Our new issue, “Break Me In and Out” by Kindall Gray, won us over with its plucky heroine Toby, her fascinating neighbor and friend Edilio, and wild and beautiful descriptions of monitor lizards and border-crossings. It was discovered and curated by One Story editor Karen Friedman, so I am turning the introductions over to her. I hope the setting of Phoenix, AZ will keep everyone warm in these cold winter days.-HT
I live in a small town with a large immigrant population – which is to say, a large Hispanic immigrant population. Our public elementary school has a majority of ESL learners and simultaneous translation devices for parents attending school events. We have two Mexican markets, but when I want them, I can get fresh tomatillos and plantains at my usual grocery store. Diversity is one of those nice, liberal ideas that I grew up embracing and one of many reasons my husband and I chose to move to our town. However, when I’m honest, I have to admit that I don’t actually know any of my immigrant neighbors. They live quite literally on the other side of the railroad tracks that bisect my town. As a white Anglo-American, it is easy not to see what I don’t want to and to pretend immigration is an amorphous blob of political interests. It is easy to talk about exploitation of the day laborers who stand outside our 7-11 hoping for a job or who live in a single-family home with three other families, without any real idea of what those things mean.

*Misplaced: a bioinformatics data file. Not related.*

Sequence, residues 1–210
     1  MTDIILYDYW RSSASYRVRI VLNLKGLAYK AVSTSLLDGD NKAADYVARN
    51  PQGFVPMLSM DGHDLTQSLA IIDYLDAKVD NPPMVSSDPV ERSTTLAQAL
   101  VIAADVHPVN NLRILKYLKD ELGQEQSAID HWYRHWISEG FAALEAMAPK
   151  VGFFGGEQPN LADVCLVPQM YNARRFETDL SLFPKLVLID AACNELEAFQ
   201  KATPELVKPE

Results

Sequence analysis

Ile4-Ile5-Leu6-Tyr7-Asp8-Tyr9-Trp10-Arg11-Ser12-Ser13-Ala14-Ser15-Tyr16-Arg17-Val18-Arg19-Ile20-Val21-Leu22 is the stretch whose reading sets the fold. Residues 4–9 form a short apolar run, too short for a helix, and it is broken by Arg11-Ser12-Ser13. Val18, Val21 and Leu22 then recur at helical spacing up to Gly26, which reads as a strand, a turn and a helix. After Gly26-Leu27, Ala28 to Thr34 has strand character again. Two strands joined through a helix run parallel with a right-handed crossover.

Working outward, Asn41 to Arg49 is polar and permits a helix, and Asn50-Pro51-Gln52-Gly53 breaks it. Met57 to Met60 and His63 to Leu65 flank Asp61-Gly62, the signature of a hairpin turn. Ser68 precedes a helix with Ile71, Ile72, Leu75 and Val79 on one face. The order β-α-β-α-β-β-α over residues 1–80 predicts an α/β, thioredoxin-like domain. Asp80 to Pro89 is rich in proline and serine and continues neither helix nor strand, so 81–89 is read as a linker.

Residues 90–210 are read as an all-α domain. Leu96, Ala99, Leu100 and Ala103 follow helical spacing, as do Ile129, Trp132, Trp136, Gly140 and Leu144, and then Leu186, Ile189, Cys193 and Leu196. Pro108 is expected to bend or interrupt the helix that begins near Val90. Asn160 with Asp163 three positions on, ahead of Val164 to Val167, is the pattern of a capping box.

The first time I read Kindall Gray’s “Break Me In and Out” I was taken in by the simple humanity of her story. It’s not so much a story about immigration, but rather about life on the margins and the way a person learns to navigate such a life. With subtlety and compassion, Gray takes us behind the politics to show a relationship between an illegal immigrant, Edilio, and his young neighbor, Toby. Edilio’s faith and empathy, the way he shares his food and stories with someone who is more vulnerable than he is, speak to a side of life rarely glimpsed by most of us. The legalities of how Edilio came to live next door to Toby matter so much less than what he leaves her with. For more on how Gray created these surprising and real characters, check out our author Q&A.